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October 9, 2019

Community Groups Commemorate 50th Anniversary of Rouge River Fire & Break Ground for New Fort Street Bridge Park

Today, the Friends of the Rouge (FOTR) and the Fort-Rouge Gateway Coalition (FRoG) will commemorate the historic Rouge River fire of 1969 with the groundbreaking of the new Fort Street Bridge Interpretive Park, located at the foot of the Fort Street Bridge, in Detroit.

On October 9, 1969, near the Rouge Plant and Zug Island, sparks from an acetylene torch ignited oil and wooden debris in the Rouge River, sending 50-ft. flames into the air near the Rouge Plant and Zug Island. The burning river symbolized the peak of societal indifference to pollution and was accepted as the cost of doing business at the time.

Fifty years later, through collaborative political, municipal, non-profit, business and private efforts, the Rouge River transformed from a health hazard to a regional asset.

“That historic Rouge fire became a catalyst for the transformation of the entire watershed,” said Marie McCormick, executive director of Friends of the Rouge. “It drew local, regional and national attention and inspired transformational legislation, such as the Clean Water Act of 1972 led by the late Congressman John D. Dingell. Today, we celebrate the work that has been done to clean and restore the river that helps enhance communities throughout the entire watershed.”

Prior to the Rouge River fire, on March 7, 1932, during the Great Depression, auto workers organized a march from Detroit to the Ford Rouge Factory, in Dearborn. Known as the Ford Hunger March, the event is one of the most significant activities in the creation of the United Auto Workers union.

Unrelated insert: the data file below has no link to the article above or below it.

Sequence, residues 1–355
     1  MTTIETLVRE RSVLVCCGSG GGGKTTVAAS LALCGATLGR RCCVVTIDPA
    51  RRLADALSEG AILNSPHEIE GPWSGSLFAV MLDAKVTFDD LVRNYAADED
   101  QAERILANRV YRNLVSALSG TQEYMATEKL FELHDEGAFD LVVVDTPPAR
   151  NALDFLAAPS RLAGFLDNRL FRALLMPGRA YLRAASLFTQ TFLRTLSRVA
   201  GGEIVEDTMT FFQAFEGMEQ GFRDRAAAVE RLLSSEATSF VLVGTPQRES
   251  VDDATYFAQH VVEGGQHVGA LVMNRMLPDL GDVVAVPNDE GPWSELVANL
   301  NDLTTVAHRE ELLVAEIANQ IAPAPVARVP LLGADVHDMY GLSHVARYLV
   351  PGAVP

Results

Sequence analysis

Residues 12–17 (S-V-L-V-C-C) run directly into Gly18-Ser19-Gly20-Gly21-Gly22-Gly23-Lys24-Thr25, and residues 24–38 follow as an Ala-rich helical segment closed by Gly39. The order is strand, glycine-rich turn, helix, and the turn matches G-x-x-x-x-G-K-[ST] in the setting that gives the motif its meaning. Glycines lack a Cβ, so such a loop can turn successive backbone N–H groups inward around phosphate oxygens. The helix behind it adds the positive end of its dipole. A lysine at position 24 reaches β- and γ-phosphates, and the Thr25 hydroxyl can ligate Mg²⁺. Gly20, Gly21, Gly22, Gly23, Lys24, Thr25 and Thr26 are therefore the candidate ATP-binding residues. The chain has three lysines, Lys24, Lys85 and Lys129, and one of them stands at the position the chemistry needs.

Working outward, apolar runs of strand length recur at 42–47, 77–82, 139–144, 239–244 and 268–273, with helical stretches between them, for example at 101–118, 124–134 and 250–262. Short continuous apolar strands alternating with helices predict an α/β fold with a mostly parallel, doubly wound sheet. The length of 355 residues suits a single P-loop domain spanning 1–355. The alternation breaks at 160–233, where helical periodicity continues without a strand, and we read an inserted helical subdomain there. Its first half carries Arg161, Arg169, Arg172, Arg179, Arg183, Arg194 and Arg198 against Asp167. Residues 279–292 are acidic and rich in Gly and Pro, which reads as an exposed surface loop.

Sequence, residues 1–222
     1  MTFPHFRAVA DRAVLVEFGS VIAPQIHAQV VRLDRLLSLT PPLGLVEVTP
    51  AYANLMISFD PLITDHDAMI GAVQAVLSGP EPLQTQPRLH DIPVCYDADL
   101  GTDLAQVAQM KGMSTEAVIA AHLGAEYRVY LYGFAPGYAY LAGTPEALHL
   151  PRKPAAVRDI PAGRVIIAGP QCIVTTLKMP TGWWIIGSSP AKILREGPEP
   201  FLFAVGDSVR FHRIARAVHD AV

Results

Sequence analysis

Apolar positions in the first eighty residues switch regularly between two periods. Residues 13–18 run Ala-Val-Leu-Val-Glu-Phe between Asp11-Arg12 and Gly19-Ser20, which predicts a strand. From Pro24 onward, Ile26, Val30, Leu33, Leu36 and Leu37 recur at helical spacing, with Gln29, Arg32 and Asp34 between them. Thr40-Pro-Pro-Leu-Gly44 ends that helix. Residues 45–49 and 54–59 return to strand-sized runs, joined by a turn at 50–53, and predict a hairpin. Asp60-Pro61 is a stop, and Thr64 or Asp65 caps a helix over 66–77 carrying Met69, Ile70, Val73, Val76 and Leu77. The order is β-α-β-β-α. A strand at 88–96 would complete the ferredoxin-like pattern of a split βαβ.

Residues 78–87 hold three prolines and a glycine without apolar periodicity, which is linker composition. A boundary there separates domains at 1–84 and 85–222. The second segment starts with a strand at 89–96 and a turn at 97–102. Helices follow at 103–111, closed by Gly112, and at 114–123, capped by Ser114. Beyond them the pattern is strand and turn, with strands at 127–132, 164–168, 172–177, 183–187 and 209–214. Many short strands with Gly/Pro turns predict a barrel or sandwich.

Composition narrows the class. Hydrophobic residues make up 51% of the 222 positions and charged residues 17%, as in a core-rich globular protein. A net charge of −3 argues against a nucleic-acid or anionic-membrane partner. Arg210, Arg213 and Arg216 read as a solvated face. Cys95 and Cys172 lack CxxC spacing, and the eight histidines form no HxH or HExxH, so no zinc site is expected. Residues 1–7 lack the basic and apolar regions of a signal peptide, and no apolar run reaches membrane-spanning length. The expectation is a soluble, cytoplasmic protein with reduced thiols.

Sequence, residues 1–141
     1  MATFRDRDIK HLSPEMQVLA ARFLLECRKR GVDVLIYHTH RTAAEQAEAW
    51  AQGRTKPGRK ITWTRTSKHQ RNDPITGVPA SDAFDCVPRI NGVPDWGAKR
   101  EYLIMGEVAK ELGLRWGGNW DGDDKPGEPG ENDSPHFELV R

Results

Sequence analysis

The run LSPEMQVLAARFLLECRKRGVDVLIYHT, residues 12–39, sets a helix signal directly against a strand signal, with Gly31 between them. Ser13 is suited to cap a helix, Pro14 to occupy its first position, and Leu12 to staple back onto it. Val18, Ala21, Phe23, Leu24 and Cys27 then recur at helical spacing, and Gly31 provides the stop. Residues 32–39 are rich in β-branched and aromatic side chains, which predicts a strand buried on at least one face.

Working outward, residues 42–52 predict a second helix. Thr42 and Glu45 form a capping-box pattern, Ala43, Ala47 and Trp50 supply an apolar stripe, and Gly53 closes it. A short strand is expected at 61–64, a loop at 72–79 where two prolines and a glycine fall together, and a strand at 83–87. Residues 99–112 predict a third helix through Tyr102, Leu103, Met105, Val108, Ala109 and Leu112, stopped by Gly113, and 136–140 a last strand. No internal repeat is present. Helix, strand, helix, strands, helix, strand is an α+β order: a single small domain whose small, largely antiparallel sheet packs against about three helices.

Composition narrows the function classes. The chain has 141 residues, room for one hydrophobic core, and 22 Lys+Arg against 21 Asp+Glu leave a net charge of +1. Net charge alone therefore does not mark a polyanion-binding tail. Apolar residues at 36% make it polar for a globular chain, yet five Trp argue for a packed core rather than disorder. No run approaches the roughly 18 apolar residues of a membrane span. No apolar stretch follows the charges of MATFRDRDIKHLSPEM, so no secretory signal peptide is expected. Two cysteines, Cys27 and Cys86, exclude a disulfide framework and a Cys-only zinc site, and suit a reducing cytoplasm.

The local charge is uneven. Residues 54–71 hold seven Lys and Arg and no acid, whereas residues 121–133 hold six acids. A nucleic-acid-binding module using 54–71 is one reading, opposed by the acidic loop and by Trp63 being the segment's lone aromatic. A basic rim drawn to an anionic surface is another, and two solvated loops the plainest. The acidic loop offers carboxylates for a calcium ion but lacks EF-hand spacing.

“The historic Fort Street Bridge, central to the march, was decommissioned in 2013, and a new bridge has taken its place,” said Shawn Pomaville-Size, executive director, MotorCities National Heritage Area. “A group of community partners called the Fort Rouge Gateway Partnership Committee or ‘FRoG’, have worked to ensure the history of the Hunger March, the significance of the former bridge and its importance to the region would be recognized within this new Fort Street Bridge Park.  We see the new park as a first step in transforming a neglected urban space into an experiential gateway that interprets the history of labor, industry and the environment, while creating equitable access to green space.”


Plans for the park include a sculpture, kayak launch, boardwalk, rain garden, and a walking path symbolizing the renewed health and viability of the Rouge River and regional commitment to the environment.

MotorCities National Heritage Area, the University of Michigan-Dearborn, City of Detroit, City of Dearborn, Marathon Petroleum Co. LP, Michigan Department of Transportation, United Auto Workers Local 600, Friends of the Rouge, Friends of the Detroit River, various neighborhood block groups, PEA Inc. and others collaborated to build this park.